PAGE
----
Other Whole Grains

May 25, 2017 at 9:28 am | Posted in Nutrition, Uncategorized | Leave a comment
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By now you’ve probably heard about the many health benefits of whole grains (and hopefully started making half your grains whole grains).  Brown rice, quinoa and whole wheat bread are some of the go-to whole grain options but there are many, many other kinds to choose from.  Here are some other types of whole grains to try.

Barley

Barley is a really good source of fiber.  In fact, it has the most fiber of all the whole grains.  Barley has been shown to help lower LDL (“bad”) cholesterol and keep blood sugar stable.  When shopping for barley, look for hulled barley rather than “pearled” barley.  Although pearled barley cooks much faster (about 30 minutes vs. an hour for hulled barley), pearled barley has had much of the bran scraped off.  Without the bran, it is no longer considered a whole grain.

Serving ideas:  Barley can be eaten alone as a hot cereal, used to thicken soups and stews, or as a substitute for rice.

Buckwheat

Like quinoa, buckwheat isn’t really a grain (it’s a seed).  It’s also not a type of wheat – it’s more closely related to rhubarb.  Buckwheat is high in protein and gluten-free, making it a good option for people with Celiac or other gluten sensitivity.  The kernels (called “groats”) cook in about 20 – 30 minutes.  If you’re short on time, look for toasted buckwheat groats (called “kasha”) which typically cooks in 15-20 minutes.

Serving ideas:  Cooked groats can be eaten alone in place of oatmeal, or added to salads or soups.  Buckwheat flower is used to make soba noodles.

Oats

Oats are a good source of fiber and are known to help lower LDL (“bad”) cholesterol and blood pressure.  Some different types of oats you may find in the store include oat groats, steel cut oats, and rolled oats.  The difference between each of these is how they’re processed.  Oat groats are whole oat kernels.  Steel cut oats are oat groats that have been cut into smaller pieces, while rolled oats are groats that have been steamed and flattened.  Processed oats cook faster, but here’s the good news:  all processed oats are still whole grains!  Even instant oatmeal counts as a whole grain, but read the nutrition facts label very carefully and choose brands that do not have a lot of added salt and sugar.

Serving idea:  Make up a batch of this Be Fit Power Granola for a healthy snack

One final thing to remember:  whole grains are still high in carbohydrate.  While you’re trying out new whole grain options, remember to pay attention to portion size.

 Content reviewed by Melanie Pearsall, RD, CDE

Apple Barley Salad

October 8, 2015 at 10:20 am | Posted in recipes | Leave a comment
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Pearled barley cooks quicker than hulled barley (hulled barley still has the bran of the grain attached and takes about an hour to cook). Though pearled barley is technically not a “whole grain,” it is still a good source of fiber. Avoid buying white pearled barley, it is more processed; instead, look for the variety that is “lightly pearled.”  Lightly pearled barley will be tan in color and has more fiber.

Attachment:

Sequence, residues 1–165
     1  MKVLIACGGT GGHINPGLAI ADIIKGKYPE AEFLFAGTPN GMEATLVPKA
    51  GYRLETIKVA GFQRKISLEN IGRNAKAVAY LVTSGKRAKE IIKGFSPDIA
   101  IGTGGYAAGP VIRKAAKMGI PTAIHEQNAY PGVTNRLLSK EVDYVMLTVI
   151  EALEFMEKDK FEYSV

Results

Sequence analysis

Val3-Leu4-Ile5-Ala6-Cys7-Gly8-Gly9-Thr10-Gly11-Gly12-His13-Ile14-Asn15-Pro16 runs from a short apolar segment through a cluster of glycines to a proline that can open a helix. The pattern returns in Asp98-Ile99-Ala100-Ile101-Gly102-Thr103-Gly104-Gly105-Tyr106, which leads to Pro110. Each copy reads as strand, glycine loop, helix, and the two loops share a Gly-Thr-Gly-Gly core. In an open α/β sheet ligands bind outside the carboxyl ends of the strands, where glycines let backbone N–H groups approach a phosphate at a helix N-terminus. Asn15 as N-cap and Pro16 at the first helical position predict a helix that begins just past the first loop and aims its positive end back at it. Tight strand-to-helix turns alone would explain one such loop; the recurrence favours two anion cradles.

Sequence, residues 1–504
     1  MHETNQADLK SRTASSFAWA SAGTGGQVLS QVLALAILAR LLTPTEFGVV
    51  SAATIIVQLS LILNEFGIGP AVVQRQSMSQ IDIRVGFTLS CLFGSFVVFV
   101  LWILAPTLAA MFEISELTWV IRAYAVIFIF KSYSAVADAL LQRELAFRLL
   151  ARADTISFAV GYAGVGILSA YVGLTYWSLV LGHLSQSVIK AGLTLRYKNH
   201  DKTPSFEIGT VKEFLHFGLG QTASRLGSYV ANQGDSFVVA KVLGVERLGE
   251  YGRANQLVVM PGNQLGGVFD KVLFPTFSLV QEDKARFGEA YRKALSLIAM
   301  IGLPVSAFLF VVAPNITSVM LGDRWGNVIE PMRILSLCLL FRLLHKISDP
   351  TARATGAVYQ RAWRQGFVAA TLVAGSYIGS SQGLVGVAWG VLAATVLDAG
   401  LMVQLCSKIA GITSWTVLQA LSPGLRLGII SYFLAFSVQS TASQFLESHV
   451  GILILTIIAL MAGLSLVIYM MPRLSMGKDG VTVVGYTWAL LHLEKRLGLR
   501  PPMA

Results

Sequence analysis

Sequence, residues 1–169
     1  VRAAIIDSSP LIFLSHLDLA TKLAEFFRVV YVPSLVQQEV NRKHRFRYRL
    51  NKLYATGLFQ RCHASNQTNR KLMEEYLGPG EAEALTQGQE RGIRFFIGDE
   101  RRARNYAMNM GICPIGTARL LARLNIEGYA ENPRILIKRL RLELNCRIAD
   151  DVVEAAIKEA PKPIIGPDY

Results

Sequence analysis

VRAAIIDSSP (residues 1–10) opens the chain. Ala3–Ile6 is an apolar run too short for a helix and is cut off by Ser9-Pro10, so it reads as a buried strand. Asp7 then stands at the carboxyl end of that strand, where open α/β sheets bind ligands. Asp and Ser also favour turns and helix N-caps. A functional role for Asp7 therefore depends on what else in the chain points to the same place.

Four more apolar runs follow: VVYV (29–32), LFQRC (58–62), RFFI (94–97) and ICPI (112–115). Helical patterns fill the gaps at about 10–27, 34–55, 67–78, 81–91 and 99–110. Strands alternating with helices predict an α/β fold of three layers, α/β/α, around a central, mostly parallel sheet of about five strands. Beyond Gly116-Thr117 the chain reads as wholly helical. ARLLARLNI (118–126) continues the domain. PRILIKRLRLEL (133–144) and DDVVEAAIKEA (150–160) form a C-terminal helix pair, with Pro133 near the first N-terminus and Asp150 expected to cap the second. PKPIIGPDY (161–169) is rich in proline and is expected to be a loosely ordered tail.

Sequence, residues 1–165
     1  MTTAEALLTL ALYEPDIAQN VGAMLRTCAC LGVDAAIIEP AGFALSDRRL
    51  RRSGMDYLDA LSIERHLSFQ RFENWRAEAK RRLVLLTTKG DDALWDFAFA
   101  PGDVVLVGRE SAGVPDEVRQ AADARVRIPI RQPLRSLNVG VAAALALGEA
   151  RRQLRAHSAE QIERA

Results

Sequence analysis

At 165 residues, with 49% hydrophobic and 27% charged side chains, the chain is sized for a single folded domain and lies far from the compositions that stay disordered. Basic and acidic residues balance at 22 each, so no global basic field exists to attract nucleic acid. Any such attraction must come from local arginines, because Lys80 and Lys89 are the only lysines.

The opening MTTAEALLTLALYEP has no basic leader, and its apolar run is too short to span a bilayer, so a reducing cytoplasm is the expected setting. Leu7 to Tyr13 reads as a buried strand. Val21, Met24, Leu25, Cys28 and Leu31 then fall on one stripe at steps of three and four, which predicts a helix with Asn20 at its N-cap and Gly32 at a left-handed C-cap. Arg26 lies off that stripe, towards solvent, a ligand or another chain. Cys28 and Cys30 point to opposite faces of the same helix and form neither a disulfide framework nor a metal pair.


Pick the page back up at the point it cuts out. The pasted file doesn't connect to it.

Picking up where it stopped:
Ingredients:
½ cup lightly pearled barley, uncooked
1 tsp salt, divided
½ cup plain low-fat yogurt
1½ tbsp olive oil
1 tbsp freshly squeezed lemon juice
½ tbsp Dijon mustard
¼ tsp black pepper
2 stalks celery, diced
1 apple, skin intact, diced into ½-inch pieces
¼ cup fresh mint, chopped
2 bunches arugula (about 6 cups)

Instructions:
Combine barley in a saucepan with 1½ cups water and ½ tsp salt and bring to boil (or see directions for cooking barley on package). Reduce heat to medium-low, cover and simmer for about 30 minutes, until water is absorbed and barley is tender. Use a strainer to drain any excess water. Allow barley to cool.

Meanwhile, whisk together yogurt, olive oil, lemon juice, mustard, remaining ½ tsp salt and black pepper. Toss with celery, apple, mint and cooled barley. Divide arugula between bowls and top arugula with barley salad.

Yield: 4 servings

Nutrition Information per Serving:
Calories: 195 • Protein: 5g • Sodium: 650mg • Carbohydrate: 30g
Fiber: 6g • Fat: 6g • Sat Fat: 1g

Recipe adapted from Real Simple

Pesto Artichoke Barley Salad

July 25, 2013 at 3:48 pm | Posted in Nutrition, recipes | Leave a comment
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Consider cooking barley the night before a busy day. Simply refrigerate cooked barley overnight and add remaining ingredients before serving for a quick and refreshing cold salad.

4 cups water
1 cup uncooked pearl barley
1 can (14 oz) artichoke hearts, quartered, water drained
1 scallion, sliced
2 tbsp prepared commercial pesto
1 tbsp lemon juice
1 can (15 oz) chickpeas, rinsed and drained
½ cup grated parmesan cheese

Instructions:

Bring 4 cups of water to a boil. Add barley, cover and reduce heat; simmer for 45 minutes.

Remove barley from heat and let stand for 5 minutes (or refrigerate overnight after barley is no longer hot to the touch). Add remaining ingredients and toss. This salad can be served warm or
chilled.

Yield: about 7 servings, 1 cup serving size

NUTRITION INFORMATION PER SERVING:
CALORIES: 240 • PROTEIN: 10 g • SODIUM: 448 mg • CARBOHYDRATE: 35 g FIBER: 8 g • FAT: 6 g • Sat Fat: 2 g

(Recipe adapted from Cooking Light)


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